Date: Tuesday, June 14, 2016
Session Time: 4:30pm-6:00pm
Presentation Time: 4:54pm-5:06pm
Location: Room 302
While obesity is considered a risk factor for worse survival after kidney transplant (KT), a single-center study reported that obesity has no direct effect on survival: instead, obesity leads to surgical site infection (SSI), and then SSI leads to worse survival. We examined the effect of SSI on obesity and survival using a national registry.
Methods: Using USRDS, we studied 92977 Medicare Primary KT recipients in 1999-2010. SSI was ascertained from Medicare inpatient claims during the 30 days post-KT using ICD-9 codes. We examined whether SSI fully mediates the association of obesity with patient/graft survival using these Cox models: base model (adjusted for basic confounders), base model stratified by occurrence of SSI, and base model adjusted for occurrence of SSI.
Results: In the base model, overweight (25-30 kg/m2), obese (30-35 kg/m2), and morbidly obese (>35 kg/m2) groups were at respectively 6%, 18%, and 25% higher hazards of death-censored graft loss than the normal weight (18.5-25 kg/m2) group (Table). The 30-day incidence of SSI was 3.7% overall; 2.3% in the normal weight, 3.3% in the overweight, 5.1% in the obese, and 8.2% in the morbidly obese group. When stratified by occurrence of SSI, obesity was associated with a higher hazard of graft loss among SSI(-) recipients (Table), suggesting a direct effect of obesity on graft loss regardless of SSI. This association was not observed among SSI(+) recipients. When adjusted for SSI, the association of obesity with graft loss did not notably differ from the base model (Table). In contrast, the hazard of death was significantly lower in the overweight and obese groups than the normal weight group by 8% and 7%, respectively (Table). Among the SSI(-) recipients, the overweight, obese, and morbidly obese groups were at lower hazards of death, but not among the SSI(+) recipients (Table). When adjusted for SSI, the association of obesity with death did not change notably (Table). SSI was associated with a higher hazard of graft loss and death (aHR=1.381.491.61 and 1.371.471.57).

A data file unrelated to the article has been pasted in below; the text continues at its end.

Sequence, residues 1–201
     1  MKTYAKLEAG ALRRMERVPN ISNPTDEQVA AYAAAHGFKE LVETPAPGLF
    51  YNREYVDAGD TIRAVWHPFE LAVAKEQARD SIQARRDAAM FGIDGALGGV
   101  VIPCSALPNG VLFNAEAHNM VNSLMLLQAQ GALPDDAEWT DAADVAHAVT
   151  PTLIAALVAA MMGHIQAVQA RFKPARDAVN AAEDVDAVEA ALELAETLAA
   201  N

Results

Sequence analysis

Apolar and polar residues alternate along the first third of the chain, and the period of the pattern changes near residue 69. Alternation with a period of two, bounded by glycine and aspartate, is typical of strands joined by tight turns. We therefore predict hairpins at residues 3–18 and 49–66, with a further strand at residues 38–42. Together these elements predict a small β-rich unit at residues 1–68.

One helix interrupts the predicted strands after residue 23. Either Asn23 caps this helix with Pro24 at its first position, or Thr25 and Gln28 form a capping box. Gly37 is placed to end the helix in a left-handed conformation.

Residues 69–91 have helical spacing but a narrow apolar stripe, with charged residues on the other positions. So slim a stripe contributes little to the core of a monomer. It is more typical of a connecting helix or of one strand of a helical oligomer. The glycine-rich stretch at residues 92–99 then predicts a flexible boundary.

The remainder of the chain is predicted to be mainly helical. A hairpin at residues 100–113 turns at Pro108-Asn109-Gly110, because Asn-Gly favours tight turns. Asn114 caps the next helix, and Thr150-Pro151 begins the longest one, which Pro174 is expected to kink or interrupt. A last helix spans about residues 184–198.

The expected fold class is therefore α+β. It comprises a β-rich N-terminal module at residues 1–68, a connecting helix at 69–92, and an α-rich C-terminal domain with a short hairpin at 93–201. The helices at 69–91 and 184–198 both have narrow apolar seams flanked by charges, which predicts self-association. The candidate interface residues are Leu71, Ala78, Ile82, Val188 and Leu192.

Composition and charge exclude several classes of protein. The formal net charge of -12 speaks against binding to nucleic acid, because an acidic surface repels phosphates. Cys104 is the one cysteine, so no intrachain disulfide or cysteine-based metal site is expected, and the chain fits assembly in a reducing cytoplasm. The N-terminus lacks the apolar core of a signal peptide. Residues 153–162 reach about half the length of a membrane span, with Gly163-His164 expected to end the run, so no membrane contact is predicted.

Conclusion: SSI is a risk factor for graft loss and death. Obesity is an independent risk factor for graft loss regardless of SSI.
CITATION INFORMATION: Bae S, Kucirka L, Massie A, Segev D. Surgical Site Infection Does Not Fully Explain the Impact of Obesity on Post-Transplant Outcomes. Am J Transplant. 2016;16 (suppl 3).
To cite this abstract in AMA style:Bae S, Kucirka L, Massie A, Segev D. Surgical Site Infection Does Not Fully Explain the Impact of Obesity on Post-Transplant Outcomes. [abstract]. Am J Transplant. 2016; 16 (suppl 3). https://atcmeetingabstracts.com/abstract/surgical-site-infection-does-not-fully-explain-the-impact-of-obesity-on-post-transplant-outcomes/. Accessed March 4, 2021.
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